by Mat Di Salvo
As big banks develop an appetite for crypto, privacy-centric users are increasingly wary of newcomers.
Institutional investors are more interested in the crypto world than ever before—and now they’re putting their money where their mouth is. Some are wondering, however, whether Bitcoin may lose its raison d’être as a result.
BlackRock, the world’s biggest asset manager, couldn’t be more mainstream. Managing $9 trillion, the well-connected Wall Street firm is the epitome of “the establishment.”
Yet last month it filed an SEC application for a spot Bitcoin exchange-traded fund (ETF)—sending the price of the biggest cryptocurrency to a year high. Its billionaire CEO Larry Fink then praised crypto for “digitizing gold.”
Bitcoin was originally an anti-establishment initiative. Favored by cypherpunks suspicious of the government and initially bad-mouthed by every major institution—from the European Central Bank to JP Morgan—the cryptocurrency seemed poised to break finance free from the shackles of centralization.
“Bitcoin was created because the traditional system has huge problems, and making Bitcoin like it is defeating Bitcoin’s purpose,” a long-time contributor to Bitcoin privacy wallet Wasabi who goes by the name Rafe told Decrypt. The difference between the priorities of cypherpunks and regulated institutions “was expected,” he added.
Cypherpunks are typically privacy advocates who want social change and who see Bitcoin as a tool to avoid an oppressive government’s prying eyes. Institutional investors are focused on making money—Bitcoin is something in which they can put a part of their large fund to realize a return.
Privacy-focused Bitcoiners who spoke to Decrypt said the worry is that institutional interest could eventually provoke governments into strongarm crypto users into restriction, penalties, or taxes.
Major crypto exchanges such as Coinbase and Binance already have know-your customer (KYC) measures in place and broadly restrict access to their platforms based on political borders. Lawmakers are also increasingly focused on anti-money laundering (AML) procedures. But the emergence of such compliance measures in the crypto space has attracted criticism from long-time privacy advocates.
“Get-rich-quick and mainstream-adoption-no-matter-what” could force crypto users into “totalitarian rules,” Rafe said.
And because every transaction is publicly recorded on the blockchain, a combination of strict KYC rules and no prioritization of privacy could create “the biggest global financial surveillance system the world has ever seen,” he added.
Harry Halpin, CEO and co-founder of Nym Technologies, a startup working to end mass surveillance, said: “The fundamental innovation of cryptocurrency comes from crypto-anarchist philosophy, and if you get rid of that ethos, then innovation in the crypto space will perish.”
Bitcoiners have nonetheless continued to work on privacy solutions for Bitcoin because the asset isn’t fundamentally private. Rafe told Decrypt that having private wallets can keep big government and institutions from barging in on users..
Some say that Wall Street is coming for crypto, meanwhile, whether people like it or not. David Schwed, COO of blockchain security firm Halborn, previously told Decrypt that the anti-establishment actors in crypto who hate intermediaries will eventually turn to privacy coins.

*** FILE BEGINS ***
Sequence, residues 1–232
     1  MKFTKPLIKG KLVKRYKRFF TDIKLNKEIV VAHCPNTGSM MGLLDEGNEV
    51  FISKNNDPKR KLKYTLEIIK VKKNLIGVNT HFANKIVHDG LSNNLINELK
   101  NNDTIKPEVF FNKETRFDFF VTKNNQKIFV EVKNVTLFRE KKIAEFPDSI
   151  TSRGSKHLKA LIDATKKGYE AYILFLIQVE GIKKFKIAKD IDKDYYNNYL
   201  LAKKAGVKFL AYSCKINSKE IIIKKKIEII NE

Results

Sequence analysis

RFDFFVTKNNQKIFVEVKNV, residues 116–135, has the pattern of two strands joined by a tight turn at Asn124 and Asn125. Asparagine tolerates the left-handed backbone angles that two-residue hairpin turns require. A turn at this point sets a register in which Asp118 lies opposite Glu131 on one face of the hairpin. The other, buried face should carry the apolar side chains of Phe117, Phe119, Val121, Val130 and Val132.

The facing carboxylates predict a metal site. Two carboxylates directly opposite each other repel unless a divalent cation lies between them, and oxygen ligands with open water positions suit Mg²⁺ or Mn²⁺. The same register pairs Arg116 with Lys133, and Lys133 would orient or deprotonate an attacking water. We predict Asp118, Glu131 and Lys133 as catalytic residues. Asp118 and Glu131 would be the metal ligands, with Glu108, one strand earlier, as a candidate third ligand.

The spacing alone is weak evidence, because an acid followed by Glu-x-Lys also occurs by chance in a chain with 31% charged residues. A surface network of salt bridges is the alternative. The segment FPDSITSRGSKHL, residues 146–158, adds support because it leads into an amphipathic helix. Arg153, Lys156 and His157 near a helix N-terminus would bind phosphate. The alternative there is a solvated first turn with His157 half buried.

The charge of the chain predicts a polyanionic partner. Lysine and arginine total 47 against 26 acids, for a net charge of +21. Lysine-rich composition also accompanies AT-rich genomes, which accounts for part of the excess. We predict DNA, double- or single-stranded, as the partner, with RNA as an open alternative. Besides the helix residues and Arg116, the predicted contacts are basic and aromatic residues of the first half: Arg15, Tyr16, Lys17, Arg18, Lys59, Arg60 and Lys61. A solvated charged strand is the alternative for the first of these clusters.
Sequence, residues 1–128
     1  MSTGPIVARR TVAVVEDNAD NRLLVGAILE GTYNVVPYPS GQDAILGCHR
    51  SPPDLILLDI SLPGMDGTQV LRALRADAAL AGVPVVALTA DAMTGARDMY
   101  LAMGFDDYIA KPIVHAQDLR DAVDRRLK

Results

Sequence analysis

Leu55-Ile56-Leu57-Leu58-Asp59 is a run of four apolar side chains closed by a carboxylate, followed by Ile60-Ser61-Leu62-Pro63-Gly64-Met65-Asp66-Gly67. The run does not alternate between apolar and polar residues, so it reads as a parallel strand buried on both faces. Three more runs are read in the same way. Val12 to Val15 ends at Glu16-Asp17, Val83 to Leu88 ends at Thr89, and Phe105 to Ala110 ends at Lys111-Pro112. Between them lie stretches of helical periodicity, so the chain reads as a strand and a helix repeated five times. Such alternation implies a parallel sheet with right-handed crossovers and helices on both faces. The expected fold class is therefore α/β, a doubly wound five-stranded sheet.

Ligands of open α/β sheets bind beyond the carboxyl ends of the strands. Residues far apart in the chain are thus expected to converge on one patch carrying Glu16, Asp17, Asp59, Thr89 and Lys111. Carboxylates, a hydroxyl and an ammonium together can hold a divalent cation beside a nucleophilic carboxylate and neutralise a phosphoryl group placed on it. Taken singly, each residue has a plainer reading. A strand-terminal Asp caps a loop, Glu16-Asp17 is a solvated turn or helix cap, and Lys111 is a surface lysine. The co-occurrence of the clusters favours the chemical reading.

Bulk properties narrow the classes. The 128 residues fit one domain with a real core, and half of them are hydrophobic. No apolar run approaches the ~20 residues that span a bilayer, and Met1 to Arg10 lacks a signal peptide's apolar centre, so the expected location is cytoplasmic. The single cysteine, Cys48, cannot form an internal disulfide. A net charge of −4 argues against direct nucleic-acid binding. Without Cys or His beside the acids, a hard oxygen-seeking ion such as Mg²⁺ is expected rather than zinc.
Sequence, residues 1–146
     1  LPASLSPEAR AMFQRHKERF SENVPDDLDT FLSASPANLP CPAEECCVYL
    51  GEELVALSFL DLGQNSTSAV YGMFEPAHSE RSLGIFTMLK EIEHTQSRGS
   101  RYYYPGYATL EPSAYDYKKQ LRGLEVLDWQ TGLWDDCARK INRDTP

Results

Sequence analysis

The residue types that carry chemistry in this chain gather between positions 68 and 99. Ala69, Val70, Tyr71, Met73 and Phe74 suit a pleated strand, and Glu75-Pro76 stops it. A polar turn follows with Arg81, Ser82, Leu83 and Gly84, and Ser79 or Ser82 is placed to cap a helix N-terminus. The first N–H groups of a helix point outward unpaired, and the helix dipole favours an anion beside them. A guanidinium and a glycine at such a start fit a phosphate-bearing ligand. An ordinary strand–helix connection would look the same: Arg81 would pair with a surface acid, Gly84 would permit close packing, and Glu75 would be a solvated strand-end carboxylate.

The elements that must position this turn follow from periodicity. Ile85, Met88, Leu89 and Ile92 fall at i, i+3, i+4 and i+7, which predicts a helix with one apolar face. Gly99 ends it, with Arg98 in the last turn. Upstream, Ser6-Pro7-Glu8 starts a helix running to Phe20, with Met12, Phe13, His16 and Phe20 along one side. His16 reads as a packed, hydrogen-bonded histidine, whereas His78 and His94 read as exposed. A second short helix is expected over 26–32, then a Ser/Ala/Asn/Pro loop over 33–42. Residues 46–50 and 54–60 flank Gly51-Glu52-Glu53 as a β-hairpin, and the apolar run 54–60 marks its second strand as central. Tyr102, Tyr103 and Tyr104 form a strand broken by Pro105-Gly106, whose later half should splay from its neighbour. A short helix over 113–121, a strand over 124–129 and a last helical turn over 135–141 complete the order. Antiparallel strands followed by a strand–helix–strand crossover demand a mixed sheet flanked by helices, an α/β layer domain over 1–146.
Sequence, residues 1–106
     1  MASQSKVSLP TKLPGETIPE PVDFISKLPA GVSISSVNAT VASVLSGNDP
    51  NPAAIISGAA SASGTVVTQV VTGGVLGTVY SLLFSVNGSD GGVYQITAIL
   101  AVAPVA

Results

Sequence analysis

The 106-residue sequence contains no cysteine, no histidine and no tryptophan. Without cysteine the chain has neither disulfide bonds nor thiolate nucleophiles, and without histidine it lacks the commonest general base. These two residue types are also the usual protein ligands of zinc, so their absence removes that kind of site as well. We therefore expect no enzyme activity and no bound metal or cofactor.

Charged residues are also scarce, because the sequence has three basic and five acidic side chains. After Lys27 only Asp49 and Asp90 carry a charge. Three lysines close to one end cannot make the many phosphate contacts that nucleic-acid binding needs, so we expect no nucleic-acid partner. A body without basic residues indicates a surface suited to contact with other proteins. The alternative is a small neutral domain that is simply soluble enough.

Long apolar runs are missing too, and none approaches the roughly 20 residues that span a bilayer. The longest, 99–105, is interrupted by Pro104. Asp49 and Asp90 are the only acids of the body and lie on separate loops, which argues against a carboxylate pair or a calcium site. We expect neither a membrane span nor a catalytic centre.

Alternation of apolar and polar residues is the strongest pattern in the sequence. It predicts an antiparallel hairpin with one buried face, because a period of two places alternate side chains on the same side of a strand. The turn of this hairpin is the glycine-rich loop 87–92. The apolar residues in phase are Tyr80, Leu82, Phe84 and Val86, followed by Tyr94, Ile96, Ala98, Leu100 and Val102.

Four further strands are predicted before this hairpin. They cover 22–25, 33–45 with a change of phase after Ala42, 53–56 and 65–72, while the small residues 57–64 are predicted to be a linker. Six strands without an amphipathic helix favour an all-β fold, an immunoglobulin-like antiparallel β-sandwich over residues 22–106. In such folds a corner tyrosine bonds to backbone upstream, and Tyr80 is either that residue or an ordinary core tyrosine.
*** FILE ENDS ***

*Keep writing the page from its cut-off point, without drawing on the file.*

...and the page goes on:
For others, though, when it comes to Wall Street making things more centralized, the problem isn’t Wall Street —it’s Silicon Valley.
“Meta has proven again last week with their release of Threads—looking at the privacy disclaimer in the App Store—that they are ruthless about collecting personal data of all kinds,” Bitcoin Design contributor Christoph Ono said.
Meta’s new social media platform Threads dropped this month as a Twitter competitor. It allows Instagram users to share text updates but is more aggressive with its data collection than Meta’s other apps—notably location-related information, even when location sharing is disabled on one’s device.
Deleting a Threads account is also impossible without deleting one’s Instagram account too.
Ono added that “data is just too big a temptation for the tech industry” and that there was “no way around building good privacy tools that are impossible to penetrate.”
So what solutions are available today? While Rafe’s entry, Wasabi, is probably too complex for the average Bitcoin user, Karo Zagorus, who leads community and reputation management at zkSNACKs, told Decrypt that self custody was enough of a solution.
Self-custody of Bitcoin or crypto is when a user has full control over their private keys, such as with a hardware wallet. Custodial wallets are more popular, however, because investors do not have to worry about seed phrases and keys. Instead, their cryptocurrency is put into the hands of a third party, like an exchange.
“As long as individuals hold their Bitcoin non-custodially, we do not have to be afraid of alternative Bitcoin products like ETFs on Wall Street,” he said, adding that “the problem only starts happening” when institutions “start manipulating the books and start inflating the supplies” with an on-chain audit.
Scott Norris, co-founder of independent Bitcoin miner LSJ Ops, added that KYC is becoming more of a priority for regulators—so those who want privacy for their holdings may soon have few options.
Forcing KYC on all crypto users “on a permissionless network would require totalitarian control over all our computing devices,” said Craig Raw, developer of the Bitcoin Sparrow Wallet—something ultimately very difficult to achieve.
But despite some disagreement amongst Bitcoiners, one view they share is that Wall Street’s entry into the space was inevitable.